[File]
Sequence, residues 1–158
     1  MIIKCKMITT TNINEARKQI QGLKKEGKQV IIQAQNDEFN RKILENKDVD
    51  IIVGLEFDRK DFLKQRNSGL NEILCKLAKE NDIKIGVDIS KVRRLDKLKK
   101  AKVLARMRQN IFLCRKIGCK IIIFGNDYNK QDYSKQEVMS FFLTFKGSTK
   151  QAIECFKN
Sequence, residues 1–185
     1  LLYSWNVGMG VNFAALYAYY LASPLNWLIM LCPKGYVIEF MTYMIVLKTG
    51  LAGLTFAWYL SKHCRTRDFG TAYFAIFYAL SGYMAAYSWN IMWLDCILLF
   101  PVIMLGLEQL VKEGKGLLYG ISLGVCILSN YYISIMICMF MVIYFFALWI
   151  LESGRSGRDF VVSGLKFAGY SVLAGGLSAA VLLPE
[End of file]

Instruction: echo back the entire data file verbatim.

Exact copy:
Sequence, residues 1–158
     1  MIIKCKMITT TNINEARKQI QGLKKEGKQV IIQAQNDEFN RKILENKDVD
    51  IIVGLEFDRK DFLKQRNSGL NEILCKLAKE NDIKIGVDIS KVRRLDKLKK
   101  AKVLARMRQN IFLCRKIGCK IIIFGNDYNK QDYSKQEVMS FFLTFKGSTK
   151  QAIECFKN
Sequence, residues 1–185
     1  LLYSWNVGMG VNFAALYAYY LASPLNWLIM LCPKGYVIEF MTYMIVLKTG
    51  LAGLTFAWYL SKHCRTRDFG TAYFAIFYAL SGYMAAYSWN IMWLDCILLF
   101  PVIMLGLEQL VKEGKGLLYG ISLGVCILSN YYISIMICMF MVIYFFALWI
   151  LESGRSGRDF VVSGLKFAGY SVLAGGLSAA VLLPE